The second year was as different from the first as Nisha Kothari from Gracy Singh. In fact, it is invariably the second year guys who have the most pronounced I-am-your-senior syndrome. They like to take the roles of people they hated while in their first year, as soon as there are new people at the receiving end. I can’t say this about the whole college in general, but it is true every bit for how it’s like at the boys’ hostels. It is here that I was a misfit, never able to really value any seniority that comes on account of having been born earlier, irrespective of which side I was on. It defeats all rationale. If I admire you, it may be for your work, your qualities, or even seemingly absurd things as how you walk or how you run through the stairs. But for your age, never. Not unless you’re at least thirty years my senior. Apart from that, it was hands down the most vibrant year. We went to every goddamn fest in the city, dancing through dawns. There were hardly any days on which we slept before 2am. It was the kind of hurry to have fun which you’d expect from someone being packed off to some sand collection project in The Sahara in a week’s time. I don’t know why we were so crazy. It was fun, great fun. Very soon, I got fed up of it.
And when I got fed up of it, I became a little reclusive. Beyond that time I can’t make any generalisations on how college is like, because I had already deviated too much from any generalised conception of college-goers. By a strange coincidence, soon after I happened to read a lot of reclusive-literature, if I may use the term. Some by reclusive authors, some on reclusive protagonists. I can’t say if it was a good thing to have happened or not; at least I don’t regret it; not so far.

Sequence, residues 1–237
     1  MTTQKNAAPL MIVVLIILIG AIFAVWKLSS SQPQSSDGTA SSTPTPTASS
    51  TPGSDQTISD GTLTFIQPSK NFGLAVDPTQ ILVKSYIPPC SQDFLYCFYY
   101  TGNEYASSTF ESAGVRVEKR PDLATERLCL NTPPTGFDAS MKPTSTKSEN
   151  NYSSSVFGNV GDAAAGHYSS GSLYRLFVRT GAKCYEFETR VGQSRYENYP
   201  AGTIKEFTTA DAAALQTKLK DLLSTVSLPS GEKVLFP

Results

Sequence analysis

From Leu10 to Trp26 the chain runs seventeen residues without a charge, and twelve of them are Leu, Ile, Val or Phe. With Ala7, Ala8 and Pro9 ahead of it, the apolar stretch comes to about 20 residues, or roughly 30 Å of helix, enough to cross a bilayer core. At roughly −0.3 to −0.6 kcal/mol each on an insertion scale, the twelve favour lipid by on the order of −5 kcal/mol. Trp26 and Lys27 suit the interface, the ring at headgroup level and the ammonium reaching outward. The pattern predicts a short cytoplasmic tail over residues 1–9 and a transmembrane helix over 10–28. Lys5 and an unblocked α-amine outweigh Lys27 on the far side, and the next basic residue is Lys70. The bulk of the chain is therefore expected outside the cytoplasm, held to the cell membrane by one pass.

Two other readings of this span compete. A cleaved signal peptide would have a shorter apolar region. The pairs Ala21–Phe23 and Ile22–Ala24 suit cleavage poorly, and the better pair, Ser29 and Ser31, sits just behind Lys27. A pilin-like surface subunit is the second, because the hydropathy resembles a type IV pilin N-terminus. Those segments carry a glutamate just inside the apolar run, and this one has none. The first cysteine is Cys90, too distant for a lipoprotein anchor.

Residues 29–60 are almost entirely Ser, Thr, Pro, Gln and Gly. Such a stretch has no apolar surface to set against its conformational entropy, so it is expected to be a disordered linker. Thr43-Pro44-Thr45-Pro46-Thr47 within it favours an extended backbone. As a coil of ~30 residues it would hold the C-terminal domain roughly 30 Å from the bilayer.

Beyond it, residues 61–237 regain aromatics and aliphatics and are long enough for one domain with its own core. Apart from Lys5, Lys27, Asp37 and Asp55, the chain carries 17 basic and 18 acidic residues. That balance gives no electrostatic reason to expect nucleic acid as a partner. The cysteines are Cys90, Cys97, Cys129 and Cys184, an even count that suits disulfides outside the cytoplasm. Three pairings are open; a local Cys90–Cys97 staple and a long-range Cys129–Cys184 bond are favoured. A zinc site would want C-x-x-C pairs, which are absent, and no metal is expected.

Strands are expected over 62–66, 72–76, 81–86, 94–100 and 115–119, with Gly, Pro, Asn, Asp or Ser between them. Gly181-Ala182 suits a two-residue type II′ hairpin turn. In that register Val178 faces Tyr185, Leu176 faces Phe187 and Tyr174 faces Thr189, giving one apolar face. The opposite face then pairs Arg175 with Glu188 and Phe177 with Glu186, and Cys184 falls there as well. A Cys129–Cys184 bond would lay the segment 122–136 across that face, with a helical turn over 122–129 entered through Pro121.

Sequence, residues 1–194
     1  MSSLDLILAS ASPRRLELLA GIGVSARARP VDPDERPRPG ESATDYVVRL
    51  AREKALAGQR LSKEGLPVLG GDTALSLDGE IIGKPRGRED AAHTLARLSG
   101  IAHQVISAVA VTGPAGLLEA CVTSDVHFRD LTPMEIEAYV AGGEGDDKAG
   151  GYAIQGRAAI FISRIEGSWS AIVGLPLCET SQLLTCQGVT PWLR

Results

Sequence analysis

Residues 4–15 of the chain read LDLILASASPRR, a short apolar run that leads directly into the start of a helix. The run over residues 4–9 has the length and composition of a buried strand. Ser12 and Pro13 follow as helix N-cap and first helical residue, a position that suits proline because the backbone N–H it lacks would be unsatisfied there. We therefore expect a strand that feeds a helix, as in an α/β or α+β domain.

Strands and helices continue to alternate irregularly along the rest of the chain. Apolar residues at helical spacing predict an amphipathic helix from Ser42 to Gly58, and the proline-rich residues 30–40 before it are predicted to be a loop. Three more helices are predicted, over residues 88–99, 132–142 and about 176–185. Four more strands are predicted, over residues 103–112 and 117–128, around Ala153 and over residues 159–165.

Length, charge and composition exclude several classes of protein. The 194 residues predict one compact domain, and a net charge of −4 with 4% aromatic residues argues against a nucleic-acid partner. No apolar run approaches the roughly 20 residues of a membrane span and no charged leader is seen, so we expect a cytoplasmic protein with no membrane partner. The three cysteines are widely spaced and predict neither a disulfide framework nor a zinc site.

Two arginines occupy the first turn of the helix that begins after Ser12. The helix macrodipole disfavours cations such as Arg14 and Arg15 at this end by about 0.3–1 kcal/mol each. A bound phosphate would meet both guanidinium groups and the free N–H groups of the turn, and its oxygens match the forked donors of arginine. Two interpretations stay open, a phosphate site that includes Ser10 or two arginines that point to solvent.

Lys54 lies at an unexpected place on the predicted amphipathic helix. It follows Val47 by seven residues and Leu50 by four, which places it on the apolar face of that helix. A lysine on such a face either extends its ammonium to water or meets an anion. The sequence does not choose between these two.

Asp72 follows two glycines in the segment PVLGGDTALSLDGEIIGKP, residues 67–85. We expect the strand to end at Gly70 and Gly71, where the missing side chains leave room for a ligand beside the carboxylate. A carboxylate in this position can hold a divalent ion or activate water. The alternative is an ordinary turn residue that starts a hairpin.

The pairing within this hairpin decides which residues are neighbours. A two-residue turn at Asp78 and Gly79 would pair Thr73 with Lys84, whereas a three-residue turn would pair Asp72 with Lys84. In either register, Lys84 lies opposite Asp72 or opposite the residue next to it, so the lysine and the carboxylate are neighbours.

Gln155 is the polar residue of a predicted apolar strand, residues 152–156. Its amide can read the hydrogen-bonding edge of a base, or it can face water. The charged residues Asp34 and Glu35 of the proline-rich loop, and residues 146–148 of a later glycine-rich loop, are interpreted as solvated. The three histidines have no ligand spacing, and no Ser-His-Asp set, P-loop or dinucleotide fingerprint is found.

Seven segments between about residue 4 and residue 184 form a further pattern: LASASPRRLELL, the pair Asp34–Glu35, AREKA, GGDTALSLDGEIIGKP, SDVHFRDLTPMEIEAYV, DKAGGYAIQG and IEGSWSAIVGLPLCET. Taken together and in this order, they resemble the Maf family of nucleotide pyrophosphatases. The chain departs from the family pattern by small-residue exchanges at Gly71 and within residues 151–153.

Things now are a muddle of all things past, a hazy assortment devoid of any valuable insight, any clear path, or any useful experience. Also, there’s a slight guilt of not having utilized my college years fruitfully. Truth be told, I am only as equipped, have only as much knowledge or skills, as I had when I had just finished Class XII. From this standpoint, it’s been a waste of years. Sometimes I wish I had studied with care, tried to score good marks and all, until the futility of this mistimed regret strikes me. The other day I went to a freshers’ room, just to see how they would react. They looked a little tense at the mere sight of someone unfamiliar in their room, and on coming to know that I am from the fourth year their misgivings multiplied. From their looks, it seemed I was, for them, the sophomore’s vice raised to the power of three. ‘I ragged people who ragged those who are these days ragging you.’, I told them just to experience the look on their faces, which suddenly started looking like pumpkins in a furnace, and I told myself that nothing has changed. When I asked one of them what book they have for Manufacturing Processes, he answered, ‘Yes, err I am err in first err year.’ as though that were his biggest err-or in life. The chap didn’t know what he was speaking. 'We weren’t that bad', I patted myself in my thoughts. Then I told them they could consider me harmless and that I just felt like meeting them casually. One Electronics guy and two Polymers guys were studying Automotive Engineering from a Khali sized book. What on earth do you do with this book, when I, despite my branch and year, don’t know cow about it? This was what I asked, partly startled, partly insecure at my own insufficiency, and partly worried about these overly studious young guys. ‘We are interested in it.’, they answered unequivocally but then started looking at me a little apologetically, until I started feeling apologetic about lacking any concrete interests and went back to my room.
Thursday, August 14, 2008